Whoa: Turns out your wheat sensitivity may be caused by more than just gluten

Gluten-free diets have become increasingly popular over the past several years, and it’s widely believed that the protein is responsible for the majority of stomach conditions. However, gluten might not be the sole culprit it has been made out to be.

New research shows that the issue is more complicated and your wheat sensitivity may not be related to gluten at all. Scientists have honed in on a new potential culprit — amylase-trypsin inhibitors (ATIs), a family of proteins that is found in wheat and other grains.

The consumption of gluten is unequivocally dangerous for individuals with Celiac disease and it’s a health condition that gets a lot of attention. However, a sensitivity to ATIs is an equally dangerous health issue that has received precious little attention until now.


According to German researchers, the consumption of ATIs can cause inflammation and trigger strong immune responses in the gut. This response affects numerous areas of the body including the lymph nodes, kidneys, spleen, and brain. It can also exacerbate the symptoms of chronic health conditions such as rheumatoid arthritis, asthma, multiple sclerosis, and inflammatory bowel diseases.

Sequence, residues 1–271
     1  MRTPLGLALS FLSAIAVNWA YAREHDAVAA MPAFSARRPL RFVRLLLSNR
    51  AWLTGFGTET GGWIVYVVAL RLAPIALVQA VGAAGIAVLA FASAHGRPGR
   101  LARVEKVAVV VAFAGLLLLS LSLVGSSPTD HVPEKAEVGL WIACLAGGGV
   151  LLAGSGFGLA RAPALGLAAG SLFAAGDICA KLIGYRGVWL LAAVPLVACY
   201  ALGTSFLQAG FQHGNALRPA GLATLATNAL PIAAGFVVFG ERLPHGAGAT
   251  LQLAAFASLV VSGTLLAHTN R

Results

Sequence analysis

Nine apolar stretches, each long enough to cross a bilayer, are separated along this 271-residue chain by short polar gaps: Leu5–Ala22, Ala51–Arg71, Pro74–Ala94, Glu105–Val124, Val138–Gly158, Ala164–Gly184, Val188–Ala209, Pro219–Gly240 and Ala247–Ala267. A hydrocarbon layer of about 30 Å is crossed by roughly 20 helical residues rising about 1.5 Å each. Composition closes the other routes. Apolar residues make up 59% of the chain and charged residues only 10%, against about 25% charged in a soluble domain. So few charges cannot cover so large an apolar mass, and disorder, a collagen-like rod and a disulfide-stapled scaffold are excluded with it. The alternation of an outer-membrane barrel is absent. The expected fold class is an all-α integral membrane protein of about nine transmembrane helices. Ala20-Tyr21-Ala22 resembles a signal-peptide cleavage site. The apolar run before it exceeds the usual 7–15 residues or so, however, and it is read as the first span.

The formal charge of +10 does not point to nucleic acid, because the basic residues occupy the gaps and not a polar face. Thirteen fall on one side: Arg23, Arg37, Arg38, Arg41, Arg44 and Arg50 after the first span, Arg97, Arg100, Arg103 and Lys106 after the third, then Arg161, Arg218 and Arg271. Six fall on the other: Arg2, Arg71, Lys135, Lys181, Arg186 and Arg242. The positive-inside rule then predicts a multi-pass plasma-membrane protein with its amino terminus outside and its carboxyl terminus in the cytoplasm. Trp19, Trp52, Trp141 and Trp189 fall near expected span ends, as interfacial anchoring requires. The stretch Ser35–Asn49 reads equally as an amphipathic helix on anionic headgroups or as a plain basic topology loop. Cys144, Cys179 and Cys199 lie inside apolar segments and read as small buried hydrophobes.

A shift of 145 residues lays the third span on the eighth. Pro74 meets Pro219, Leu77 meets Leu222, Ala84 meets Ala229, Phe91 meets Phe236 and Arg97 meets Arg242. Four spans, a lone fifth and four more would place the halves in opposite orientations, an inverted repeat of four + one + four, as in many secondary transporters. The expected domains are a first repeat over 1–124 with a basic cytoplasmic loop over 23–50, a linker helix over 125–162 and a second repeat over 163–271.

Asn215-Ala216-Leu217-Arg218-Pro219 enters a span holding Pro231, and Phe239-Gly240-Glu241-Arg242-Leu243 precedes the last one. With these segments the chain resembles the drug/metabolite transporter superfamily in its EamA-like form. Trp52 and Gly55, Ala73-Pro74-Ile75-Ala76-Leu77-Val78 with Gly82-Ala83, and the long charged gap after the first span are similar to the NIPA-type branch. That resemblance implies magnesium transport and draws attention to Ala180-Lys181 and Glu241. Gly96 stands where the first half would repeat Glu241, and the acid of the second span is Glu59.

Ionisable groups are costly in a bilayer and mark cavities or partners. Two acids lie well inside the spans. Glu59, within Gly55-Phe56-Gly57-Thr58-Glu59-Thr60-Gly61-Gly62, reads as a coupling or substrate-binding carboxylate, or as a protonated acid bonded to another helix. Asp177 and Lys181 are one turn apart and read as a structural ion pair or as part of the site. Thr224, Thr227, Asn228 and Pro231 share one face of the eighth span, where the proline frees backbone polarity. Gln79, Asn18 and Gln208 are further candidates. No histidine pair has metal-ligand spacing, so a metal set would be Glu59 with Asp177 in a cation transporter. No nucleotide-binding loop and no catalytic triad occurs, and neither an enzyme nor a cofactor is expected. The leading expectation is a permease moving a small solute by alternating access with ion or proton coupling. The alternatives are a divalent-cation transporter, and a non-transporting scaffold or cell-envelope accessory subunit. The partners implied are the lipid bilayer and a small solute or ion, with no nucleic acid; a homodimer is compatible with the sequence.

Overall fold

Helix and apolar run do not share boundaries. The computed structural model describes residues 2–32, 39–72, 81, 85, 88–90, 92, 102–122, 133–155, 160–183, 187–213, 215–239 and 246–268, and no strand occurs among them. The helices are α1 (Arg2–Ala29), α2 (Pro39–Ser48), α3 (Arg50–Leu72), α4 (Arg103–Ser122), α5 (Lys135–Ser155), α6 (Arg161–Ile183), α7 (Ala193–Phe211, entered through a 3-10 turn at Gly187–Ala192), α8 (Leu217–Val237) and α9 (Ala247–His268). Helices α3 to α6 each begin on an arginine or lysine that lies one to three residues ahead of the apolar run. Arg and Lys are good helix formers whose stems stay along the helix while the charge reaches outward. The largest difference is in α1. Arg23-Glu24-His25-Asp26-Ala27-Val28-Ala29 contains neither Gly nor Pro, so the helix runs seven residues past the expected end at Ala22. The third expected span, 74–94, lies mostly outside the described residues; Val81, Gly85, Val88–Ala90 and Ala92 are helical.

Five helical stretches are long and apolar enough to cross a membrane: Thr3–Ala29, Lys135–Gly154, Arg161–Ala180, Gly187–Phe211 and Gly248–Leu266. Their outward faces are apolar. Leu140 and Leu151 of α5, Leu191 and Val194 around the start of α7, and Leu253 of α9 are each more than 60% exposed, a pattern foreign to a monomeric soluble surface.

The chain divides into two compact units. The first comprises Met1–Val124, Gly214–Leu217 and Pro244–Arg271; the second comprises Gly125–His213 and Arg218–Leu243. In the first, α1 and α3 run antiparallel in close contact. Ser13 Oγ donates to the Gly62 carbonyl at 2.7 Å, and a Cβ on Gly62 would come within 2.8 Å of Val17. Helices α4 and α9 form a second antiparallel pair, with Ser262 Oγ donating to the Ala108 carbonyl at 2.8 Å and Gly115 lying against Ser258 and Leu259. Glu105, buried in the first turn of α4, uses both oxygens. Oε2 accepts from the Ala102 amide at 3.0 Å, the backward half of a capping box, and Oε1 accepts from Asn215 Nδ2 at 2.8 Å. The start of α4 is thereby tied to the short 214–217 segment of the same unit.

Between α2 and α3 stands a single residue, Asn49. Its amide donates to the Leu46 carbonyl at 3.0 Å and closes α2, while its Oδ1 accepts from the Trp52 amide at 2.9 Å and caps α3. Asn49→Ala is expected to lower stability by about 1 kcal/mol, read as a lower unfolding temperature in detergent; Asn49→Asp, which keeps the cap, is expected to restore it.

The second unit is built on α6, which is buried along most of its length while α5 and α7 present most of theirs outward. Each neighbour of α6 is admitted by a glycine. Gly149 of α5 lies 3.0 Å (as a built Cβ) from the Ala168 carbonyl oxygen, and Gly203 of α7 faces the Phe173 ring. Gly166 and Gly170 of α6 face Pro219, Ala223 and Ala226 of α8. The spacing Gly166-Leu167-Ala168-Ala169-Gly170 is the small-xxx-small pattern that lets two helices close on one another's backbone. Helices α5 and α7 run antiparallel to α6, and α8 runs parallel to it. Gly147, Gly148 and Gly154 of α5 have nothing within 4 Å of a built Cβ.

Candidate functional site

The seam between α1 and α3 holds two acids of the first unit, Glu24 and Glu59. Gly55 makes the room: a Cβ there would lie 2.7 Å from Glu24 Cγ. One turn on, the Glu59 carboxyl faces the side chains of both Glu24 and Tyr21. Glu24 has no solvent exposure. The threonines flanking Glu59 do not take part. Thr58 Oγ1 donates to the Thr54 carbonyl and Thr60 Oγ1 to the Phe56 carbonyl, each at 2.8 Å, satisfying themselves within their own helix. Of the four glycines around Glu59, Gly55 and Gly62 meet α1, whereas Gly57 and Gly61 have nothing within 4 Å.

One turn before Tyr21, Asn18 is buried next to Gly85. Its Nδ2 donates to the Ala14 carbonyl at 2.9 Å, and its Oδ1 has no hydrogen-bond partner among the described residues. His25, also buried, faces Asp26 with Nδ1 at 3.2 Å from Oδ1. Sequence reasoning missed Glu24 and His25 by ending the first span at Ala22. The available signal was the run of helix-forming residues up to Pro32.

Although Celiac disease itself is rare (it affects approximately 1% of the population), many people are diagnosed with non-celiac gluten sensitivities. These individuals experience a different type of inflammation than those with Celiac disease, leading Dr. Detlef Schuppan and his Harvard colleagues to speculate that their symptoms may be caused by ATIs rather than gluten. Although following a gluten-free diet tends to alleviate their symptoms, this is likely because gluten and ATIs are often found in the same foods.

“Rather than non-celiac gluten sensitivity, which implies that gluten solitarily causes the inflammation, a more precise name for the disease should be considered, Dr. Schuppan said, as reported by TIME.

Armed with this new knowledge, studies are being conducted to determine the exact role that ATIs play in chronic health conditions. Schuppan is confident that further research will provide the answer to when an ATI-free diet should be used as part of the medical treatment for people with serious immunological disorders.

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